Using vic (Volume Integrity Check)
This article provides information and usage instructions on the Volume Integrity Check (vic) script, located in the /usr/discreet/io/bin/ directory.
vic verifies the integrity of the data on the framestore. Generally, this tool is used to remove deleted frames, or find unreferenced frames (when used in with fcof).
When you start a Creative Finishing application, a volume integrity check is performed automatically if a previous crash is detected. This check determines if there are any inconsistencies between the clip metadata stored on the system disk and the frames on the framestore and, when possible, repairs any problems that are found.
How vic Works
The volume integrity check script performs the following actions:
- It compiles a list of all frame IDs in the clip libraries on the system disk.
- It then queries the framestore to verify the status of each frame, and compares it to the frame ID data in the list.
Each frame on the framestore has one of three statuses:
|used||The frame is used in a clip.|
|unused ||The frame has been deleted in the application (though it still physically exists on the framestore until that area of the framestore is needed for another frame).|
|free||The storage associated with the frame ID is no longer available (the frame is no longer recoverable).|
- If the integrity check detects frames that have IDs in the library but have a status of unused on the framestore, it fixes them by changing their status to used.
- If the integrity check discovers empty soft partitions, they are automatically removed.
- If the check finds frame IDs in the library list for which there are no corresponding frames on the framestore, it reports them as invalid frames in an error message displayed at the end of the check.
Invalid frames occur if Stone and Wire was prevented from writing new frames to the framestore during a work session, for example, because of a system failure or power failure.
Note: By default, Stone and Wire updates itself every 300 seconds or after 2000 changes occur, whichever comes first. A change includes the creation of a new frame or any change made to an existing frame.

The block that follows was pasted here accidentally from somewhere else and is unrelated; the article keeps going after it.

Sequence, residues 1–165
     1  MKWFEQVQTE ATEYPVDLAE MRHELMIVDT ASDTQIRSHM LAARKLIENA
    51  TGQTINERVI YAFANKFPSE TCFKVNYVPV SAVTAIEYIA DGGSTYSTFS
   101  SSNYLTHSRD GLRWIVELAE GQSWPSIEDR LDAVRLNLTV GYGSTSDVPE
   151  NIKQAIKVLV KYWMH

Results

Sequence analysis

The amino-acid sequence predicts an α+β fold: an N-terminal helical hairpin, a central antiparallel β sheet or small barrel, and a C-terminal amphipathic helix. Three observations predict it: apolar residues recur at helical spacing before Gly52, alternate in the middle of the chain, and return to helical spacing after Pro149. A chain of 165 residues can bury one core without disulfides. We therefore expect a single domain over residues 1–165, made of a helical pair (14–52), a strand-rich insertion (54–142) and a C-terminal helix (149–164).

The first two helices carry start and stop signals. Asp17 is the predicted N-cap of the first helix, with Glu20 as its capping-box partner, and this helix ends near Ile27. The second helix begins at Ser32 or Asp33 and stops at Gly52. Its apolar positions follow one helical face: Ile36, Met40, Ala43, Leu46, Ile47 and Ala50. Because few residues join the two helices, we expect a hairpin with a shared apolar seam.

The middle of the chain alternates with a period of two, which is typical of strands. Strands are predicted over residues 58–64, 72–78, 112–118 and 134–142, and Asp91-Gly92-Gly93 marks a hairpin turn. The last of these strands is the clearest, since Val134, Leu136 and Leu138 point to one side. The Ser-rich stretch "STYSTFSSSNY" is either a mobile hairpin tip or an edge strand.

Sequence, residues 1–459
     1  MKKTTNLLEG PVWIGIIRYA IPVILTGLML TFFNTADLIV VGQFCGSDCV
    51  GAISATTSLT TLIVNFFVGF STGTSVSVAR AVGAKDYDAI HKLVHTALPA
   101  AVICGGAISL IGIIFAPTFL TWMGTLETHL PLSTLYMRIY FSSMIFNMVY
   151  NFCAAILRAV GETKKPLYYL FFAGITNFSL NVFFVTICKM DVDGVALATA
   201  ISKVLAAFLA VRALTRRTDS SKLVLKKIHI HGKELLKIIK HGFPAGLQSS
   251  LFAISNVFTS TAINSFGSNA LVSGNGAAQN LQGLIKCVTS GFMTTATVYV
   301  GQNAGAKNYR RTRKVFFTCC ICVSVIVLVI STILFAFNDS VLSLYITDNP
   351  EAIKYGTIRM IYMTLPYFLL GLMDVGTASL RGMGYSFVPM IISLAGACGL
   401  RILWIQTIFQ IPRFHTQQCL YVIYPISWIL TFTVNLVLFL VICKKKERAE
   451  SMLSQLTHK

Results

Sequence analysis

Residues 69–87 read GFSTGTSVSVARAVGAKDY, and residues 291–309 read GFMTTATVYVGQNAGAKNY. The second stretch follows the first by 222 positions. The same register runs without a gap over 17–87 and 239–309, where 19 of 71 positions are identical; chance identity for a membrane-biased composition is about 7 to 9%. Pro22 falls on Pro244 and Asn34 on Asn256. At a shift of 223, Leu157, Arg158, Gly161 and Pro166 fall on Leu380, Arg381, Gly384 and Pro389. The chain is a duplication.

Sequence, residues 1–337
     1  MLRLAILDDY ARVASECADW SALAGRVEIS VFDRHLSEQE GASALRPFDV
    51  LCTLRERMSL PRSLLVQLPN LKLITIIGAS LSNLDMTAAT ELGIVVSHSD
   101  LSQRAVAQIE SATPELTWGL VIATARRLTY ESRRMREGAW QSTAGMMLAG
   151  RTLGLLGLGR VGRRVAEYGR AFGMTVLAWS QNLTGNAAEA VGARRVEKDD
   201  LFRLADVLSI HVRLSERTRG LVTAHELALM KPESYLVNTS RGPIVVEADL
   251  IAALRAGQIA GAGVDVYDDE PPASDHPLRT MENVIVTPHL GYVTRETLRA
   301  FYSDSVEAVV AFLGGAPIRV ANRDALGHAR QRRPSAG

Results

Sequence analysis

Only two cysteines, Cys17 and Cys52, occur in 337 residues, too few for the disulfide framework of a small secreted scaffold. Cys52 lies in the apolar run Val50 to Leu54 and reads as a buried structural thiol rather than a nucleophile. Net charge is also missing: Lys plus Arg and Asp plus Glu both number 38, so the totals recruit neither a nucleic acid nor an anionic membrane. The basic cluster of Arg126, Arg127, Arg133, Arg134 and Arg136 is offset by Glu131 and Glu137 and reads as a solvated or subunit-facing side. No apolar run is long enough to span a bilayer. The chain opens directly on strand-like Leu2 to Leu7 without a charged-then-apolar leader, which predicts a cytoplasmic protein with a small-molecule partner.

Therefore the maximum amount of work that could be lost from this situation is 300 seconds, or 5 minutes of work.
Running vic Manually
You may need to run vic
manually from a terminal in the following scenarios: after a crash, after framestore / project maintenance, or after clip library deletion.
The syntax of the command is:
vic -v <framestore volume> <option>
where <framestore volume> is the the volume that integrity check is required to be executed on. For example, stonefs, stonefs1... stonefs7, and <option> can be one of the following parameters:
-a All Volumes.
-d <level> A verbosity level between 0 and 4. The default is 3.
-l Lazy integrity check.
-C No content check (only validate volume connections).
-p <project name> Specifies the project where the Lost_+_Found would be created. The project shall already exist.
-f Remove unreferenced frames ( USE WITH CAUTION ).
-r Replace lost (red illegal) frames with the LOST frame and flag impacted clips (USE WITH CAUTION ).
-w Skip integrity check of audio waveforms.
-s Scan libraries and report errors.
This parameter has the following additional options:
remote - Identifies libraries containing remote frames.
lost - Identifies libraries containing lost frames (includes remote if 'remote' not specified).
The following are the most common examples of usage of vic:
vic -v stonefs7 - The normal vic command. This is the command that is executed when the application starts, or wen stone+wire starts.
vic -v stonefs7 -p [project name] - Use this command to send unreferenced frames to a Lost_+_Found library in the project specified in the command.
vic -v stonefs7 -f - Use this command to delete all unreferenced frames automatically instead of sending them to a library.